cpi gas

May CPI numbers released by the BLS came broadly in line with expectations, with headline inflation posting an increase of 0.4% versus expectations of 0.5%. The core measure, excluding food and energy, rose 0.1% versus consensus estimates of 0.2%.

Rebounding gasoline prices were the biggest contributor to rising prices, with the gasoline index rising 10.4%. Other energy costs were mixed, and medical related costs continued to rise with the medical care commodities index rising 0.4% and the medical care services index rising 0.2%. The CPI data comes on the heels of yesterdays rate decision by the FOMC, and today’s data breathes no new significant life into our argument for rates to continue to remain fixed for the foreseeable future.

Key Highlights from the June FOMC Statement

Yesterday’s rate hike decision was a relatively tame event marketwise, although revisions in some key projections were enough to spur a moderate bout of USD weakness across the board. Delving into the statement, the Fed painted an improving economic picture, noting overall improvements since the first quarter of this year. Signs of improvement in the labor market were given particular mention.

On potential signs of growing unease with the relative strength of the US Dollar versus its peers, the Fed once again reiterated sluggish growth in US exports. While no special mention of the dollar was included in this month’s statement, currency targeting is likely to feature much more on the market’s radar going forward.

Current Conditions In the Fed’s own words:

“Information received since the Federal Open Market Committee met in April suggests that economic activity has been expanding moderately after having changed little during the first quarter. The pace of job gains picked up while the unemployment rate remained steady. On balance, a range of labor market indicators suggests that underutilization of labor resources diminished somewhat. Growth in household spending has been moderate and the housing sector has shown some improvement; however, business fixed investment and net exports stayed soft.”

With regards to inflation, the Fed reiterated its forecast for inflation to normalize towards its 2% target on the back of stabilizing energy prices and tightening labor markets in general.

“Inflation is anticipated to remain near its recent low level in the near term, but the Committee expects inflation to rise gradually toward 2 percent over the medium term as the labor market improves further and the transitory effects of earlier declines in energy and import prices dissipate.”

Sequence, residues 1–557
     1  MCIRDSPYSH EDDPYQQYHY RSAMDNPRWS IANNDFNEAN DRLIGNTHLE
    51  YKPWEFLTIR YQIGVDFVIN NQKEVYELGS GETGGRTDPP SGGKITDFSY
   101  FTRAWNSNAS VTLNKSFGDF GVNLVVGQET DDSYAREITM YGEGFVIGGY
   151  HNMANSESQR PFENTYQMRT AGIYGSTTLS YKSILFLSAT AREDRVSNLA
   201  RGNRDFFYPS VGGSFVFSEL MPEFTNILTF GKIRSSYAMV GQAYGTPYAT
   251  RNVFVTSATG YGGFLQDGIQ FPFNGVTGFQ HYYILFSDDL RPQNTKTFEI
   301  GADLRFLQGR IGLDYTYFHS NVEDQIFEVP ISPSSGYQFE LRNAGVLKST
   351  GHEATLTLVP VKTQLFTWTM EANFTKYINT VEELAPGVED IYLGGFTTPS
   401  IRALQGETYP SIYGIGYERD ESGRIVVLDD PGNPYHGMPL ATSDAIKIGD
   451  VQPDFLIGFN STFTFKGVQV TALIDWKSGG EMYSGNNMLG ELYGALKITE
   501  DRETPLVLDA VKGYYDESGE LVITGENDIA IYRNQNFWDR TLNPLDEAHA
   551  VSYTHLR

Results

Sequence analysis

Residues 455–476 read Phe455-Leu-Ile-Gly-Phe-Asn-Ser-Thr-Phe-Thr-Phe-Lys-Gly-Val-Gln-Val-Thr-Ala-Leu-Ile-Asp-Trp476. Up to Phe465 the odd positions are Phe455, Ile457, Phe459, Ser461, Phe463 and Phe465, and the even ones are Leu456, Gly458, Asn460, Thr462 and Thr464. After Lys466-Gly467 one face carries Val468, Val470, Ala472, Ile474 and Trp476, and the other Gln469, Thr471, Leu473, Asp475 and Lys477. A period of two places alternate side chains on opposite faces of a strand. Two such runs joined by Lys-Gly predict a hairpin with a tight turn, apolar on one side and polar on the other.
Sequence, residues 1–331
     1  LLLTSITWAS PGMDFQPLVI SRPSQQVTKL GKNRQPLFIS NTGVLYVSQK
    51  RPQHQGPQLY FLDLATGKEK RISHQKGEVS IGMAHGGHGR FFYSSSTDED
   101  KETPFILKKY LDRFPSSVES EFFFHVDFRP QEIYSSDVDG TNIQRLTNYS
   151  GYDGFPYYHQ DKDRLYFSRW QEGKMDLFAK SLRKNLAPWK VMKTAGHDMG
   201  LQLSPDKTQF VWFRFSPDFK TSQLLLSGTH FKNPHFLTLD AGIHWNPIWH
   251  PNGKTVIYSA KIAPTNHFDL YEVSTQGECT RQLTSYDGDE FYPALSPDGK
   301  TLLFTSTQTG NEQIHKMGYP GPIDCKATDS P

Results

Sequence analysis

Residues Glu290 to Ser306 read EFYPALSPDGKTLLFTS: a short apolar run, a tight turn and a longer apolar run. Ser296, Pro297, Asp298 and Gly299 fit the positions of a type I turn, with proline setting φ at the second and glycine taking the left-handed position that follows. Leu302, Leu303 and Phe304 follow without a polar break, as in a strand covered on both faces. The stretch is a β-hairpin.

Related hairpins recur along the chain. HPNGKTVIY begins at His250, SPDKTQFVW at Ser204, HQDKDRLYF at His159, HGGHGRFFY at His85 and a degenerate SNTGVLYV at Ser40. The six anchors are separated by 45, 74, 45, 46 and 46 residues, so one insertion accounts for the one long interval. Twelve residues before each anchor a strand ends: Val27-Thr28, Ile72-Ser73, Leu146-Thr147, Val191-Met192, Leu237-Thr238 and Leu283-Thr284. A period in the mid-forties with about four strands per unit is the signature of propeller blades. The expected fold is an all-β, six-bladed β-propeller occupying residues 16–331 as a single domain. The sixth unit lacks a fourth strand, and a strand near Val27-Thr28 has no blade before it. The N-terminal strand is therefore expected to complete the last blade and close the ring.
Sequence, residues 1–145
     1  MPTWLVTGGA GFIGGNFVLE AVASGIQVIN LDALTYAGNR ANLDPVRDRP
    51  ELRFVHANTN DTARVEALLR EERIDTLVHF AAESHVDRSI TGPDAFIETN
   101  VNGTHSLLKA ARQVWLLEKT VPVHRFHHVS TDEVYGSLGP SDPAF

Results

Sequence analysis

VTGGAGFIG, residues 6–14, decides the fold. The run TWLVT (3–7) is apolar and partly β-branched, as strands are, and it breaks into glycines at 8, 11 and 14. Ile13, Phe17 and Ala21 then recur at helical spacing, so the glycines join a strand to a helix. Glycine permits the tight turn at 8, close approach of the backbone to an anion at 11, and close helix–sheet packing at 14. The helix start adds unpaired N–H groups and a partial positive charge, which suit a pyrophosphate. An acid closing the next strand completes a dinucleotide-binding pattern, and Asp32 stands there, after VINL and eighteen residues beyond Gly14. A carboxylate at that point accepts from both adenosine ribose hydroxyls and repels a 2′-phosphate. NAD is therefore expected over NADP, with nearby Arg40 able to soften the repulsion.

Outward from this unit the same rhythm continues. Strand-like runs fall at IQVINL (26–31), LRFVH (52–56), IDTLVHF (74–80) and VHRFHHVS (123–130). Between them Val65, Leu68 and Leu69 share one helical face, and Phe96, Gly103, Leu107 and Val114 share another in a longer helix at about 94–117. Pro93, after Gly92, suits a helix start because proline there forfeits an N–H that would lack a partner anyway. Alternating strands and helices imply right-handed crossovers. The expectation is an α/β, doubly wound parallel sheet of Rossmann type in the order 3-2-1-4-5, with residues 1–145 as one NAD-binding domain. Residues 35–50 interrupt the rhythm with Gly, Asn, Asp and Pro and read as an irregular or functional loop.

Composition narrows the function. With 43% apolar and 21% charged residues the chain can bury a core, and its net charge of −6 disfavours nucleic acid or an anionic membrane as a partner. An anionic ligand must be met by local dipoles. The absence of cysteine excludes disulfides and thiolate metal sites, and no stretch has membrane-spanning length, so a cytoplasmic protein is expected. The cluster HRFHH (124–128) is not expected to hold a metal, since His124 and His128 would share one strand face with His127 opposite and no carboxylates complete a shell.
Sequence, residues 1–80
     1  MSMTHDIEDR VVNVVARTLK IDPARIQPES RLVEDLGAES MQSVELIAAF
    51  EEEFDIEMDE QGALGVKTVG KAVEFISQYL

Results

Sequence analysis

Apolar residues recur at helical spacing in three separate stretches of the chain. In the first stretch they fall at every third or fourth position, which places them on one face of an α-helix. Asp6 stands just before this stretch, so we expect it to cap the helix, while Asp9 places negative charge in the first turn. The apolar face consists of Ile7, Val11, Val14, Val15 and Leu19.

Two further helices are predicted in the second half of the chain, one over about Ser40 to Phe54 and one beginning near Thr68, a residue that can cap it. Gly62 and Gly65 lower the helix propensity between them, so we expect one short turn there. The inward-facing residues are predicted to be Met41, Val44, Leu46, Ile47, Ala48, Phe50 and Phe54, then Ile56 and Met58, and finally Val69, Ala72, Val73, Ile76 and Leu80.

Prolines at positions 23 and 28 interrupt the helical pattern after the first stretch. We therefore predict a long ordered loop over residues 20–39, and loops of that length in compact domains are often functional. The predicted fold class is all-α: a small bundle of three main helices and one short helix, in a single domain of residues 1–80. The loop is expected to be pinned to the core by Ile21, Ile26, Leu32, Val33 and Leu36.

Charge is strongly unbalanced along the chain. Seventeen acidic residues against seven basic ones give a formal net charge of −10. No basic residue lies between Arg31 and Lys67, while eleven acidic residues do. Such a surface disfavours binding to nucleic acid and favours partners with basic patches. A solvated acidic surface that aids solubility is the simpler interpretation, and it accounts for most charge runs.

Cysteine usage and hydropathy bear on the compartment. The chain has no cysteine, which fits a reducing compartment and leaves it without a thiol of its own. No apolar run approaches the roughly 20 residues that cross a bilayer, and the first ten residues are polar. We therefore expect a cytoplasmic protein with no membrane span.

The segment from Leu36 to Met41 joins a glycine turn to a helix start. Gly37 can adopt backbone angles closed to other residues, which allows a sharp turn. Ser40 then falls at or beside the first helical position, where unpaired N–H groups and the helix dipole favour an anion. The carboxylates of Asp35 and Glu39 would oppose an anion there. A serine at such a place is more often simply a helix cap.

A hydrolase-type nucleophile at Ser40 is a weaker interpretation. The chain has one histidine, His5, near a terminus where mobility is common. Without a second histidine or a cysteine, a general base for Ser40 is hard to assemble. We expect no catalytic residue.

GDP Projections Downgraded, Unemployment Forecasts Rise

Somewhat surprisingly given the Fed’s upbeat language in its written statements from the June meeting, are the negative forecast revisions for both GDP and unemployment going forward. GDP projections were but from 2.3%-2.7% to 1.8%-2.0% – a fairly sizeable downgrade, and perhaps a growing reflection of the real headwinds facing the economy at present. Continued stress in the energy sector, which has seen sustained layoffs in the first half of this year, is showing signs of of having a wider impact on the economy at large. The Fed’s projections reflect this new reality, with unemployment forecasts for 2015 raised from 5.0%-5.2% to 5.2%-5.3%.

FOMC Members increase dovish stance

Revisions in the Fed’s quantitative forecasts were also backed up by a softening stance in the “dot” surveys of where each member expects the Fed Funds rate to be over the next two years. While the survey is conclusive that FOMC members expect a rate hike at some point this year, the magnitude of the rise is less clear. The overall drop from 1.875% to 1.625% in expectations for the Fed Funds rate in 2016 in many ways highlights the dwindling conviction affecting many FOMC members with regards to the extent of the “upcoming” rate hikes.


In summary, inflation is starting to show signs of stabilizing, with the deflationary month on month trends eradicated for the time being. While not evident in this month’s release, increased input costs on the producer front are likely to stoke higher inflation going forward. Medical inflation is an increasingly worrying trend, and is likely to hurt average Americans in a big way in the near future.


Andrew McCarthy is an expert in all things inflation. He has a Bachelors in Economics and has been working in the finance industry for over two decades.